February 3, 2009: Even in the days leading up to Tet, the Vietnamese Lunar New Year, the Malaysia office of the Coalition to Abolish Modern-Day Slavery in Asia (CAMSA) continued to receive pleas for help from Vietnamese domestics.
“After six months of working hard from dawn to dusk, I still haven’t received any pay at all,” wrote one such guest worker in a letter to CAMSA.
Among the cases CAMSA is dealing with, the abuse of Vietnamese domestics extends even to rape by the employer. In such cases, one of the major labor import firms that contracts out the domestics, Winbond, has shown no interest in intervening to protect the worker.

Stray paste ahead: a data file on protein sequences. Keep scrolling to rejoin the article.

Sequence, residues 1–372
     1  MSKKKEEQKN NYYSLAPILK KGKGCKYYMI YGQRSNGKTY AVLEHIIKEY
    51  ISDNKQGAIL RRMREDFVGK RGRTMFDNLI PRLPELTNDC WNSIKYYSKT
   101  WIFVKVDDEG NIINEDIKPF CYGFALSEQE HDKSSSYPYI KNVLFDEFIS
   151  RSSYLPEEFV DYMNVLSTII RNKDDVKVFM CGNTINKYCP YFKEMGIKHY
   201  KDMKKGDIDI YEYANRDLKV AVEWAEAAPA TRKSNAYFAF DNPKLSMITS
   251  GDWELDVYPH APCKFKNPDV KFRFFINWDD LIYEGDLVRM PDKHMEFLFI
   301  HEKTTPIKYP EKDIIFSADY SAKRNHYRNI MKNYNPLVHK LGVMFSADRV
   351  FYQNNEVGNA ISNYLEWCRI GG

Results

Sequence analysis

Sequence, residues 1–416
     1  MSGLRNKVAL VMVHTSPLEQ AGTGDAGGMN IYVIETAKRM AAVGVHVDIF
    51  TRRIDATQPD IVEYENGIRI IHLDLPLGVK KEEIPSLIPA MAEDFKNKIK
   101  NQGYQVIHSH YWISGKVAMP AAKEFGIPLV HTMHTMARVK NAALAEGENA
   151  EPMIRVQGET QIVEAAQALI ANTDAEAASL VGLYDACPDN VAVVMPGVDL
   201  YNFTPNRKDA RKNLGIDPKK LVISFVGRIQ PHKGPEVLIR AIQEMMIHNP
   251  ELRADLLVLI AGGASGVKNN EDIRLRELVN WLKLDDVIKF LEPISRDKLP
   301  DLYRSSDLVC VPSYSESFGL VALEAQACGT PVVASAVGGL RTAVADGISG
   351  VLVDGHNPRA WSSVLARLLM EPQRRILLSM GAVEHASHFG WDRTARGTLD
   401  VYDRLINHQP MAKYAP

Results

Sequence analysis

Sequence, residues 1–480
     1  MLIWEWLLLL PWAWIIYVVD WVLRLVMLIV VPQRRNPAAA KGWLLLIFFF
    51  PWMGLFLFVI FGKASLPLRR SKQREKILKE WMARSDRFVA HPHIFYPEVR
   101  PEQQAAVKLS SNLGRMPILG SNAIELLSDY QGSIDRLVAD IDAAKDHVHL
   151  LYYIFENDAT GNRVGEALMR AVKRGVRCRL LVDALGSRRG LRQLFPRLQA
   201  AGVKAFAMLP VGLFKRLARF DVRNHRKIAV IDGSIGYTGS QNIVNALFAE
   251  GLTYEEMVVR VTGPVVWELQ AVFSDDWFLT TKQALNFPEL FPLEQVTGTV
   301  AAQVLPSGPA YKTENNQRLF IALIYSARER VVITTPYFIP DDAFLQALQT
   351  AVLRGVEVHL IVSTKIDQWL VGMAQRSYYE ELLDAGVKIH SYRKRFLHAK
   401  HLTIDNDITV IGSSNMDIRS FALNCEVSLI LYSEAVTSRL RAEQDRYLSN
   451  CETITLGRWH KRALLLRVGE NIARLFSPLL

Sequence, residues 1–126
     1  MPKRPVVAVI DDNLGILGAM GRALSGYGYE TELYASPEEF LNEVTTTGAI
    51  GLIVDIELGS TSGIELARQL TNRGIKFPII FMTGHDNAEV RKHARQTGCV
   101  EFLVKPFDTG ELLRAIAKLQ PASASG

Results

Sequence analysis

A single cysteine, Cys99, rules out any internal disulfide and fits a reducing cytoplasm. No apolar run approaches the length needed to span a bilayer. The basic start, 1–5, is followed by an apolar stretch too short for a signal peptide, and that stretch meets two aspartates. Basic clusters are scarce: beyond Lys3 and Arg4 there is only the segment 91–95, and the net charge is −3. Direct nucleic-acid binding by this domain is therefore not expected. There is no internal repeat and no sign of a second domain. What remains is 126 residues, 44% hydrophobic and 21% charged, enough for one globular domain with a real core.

“We’re continuing to apply pressure on Winbond in Malaysia to get them to free these workers, who are virtual slaves,” Dr. Nguyen Dinh Thang, the executive director of Boat People SOS, said after a recent visit to Malaysia.
The workers who do manage to escape from Winbond and return home find, however, that the labor export firm SONA with which they signed is demanding they pay 30 million dong (US$1,720) for leaving their jobs before their contract’s expiration.
CAMSA and BPSOS, one of the coalition’s founding members, are continuing to monitor the treatment of Winbond workers and intervene on their behalf when possible. Please check here often for updates and action alerts where you can help.
For background on the Winbond case, please click here.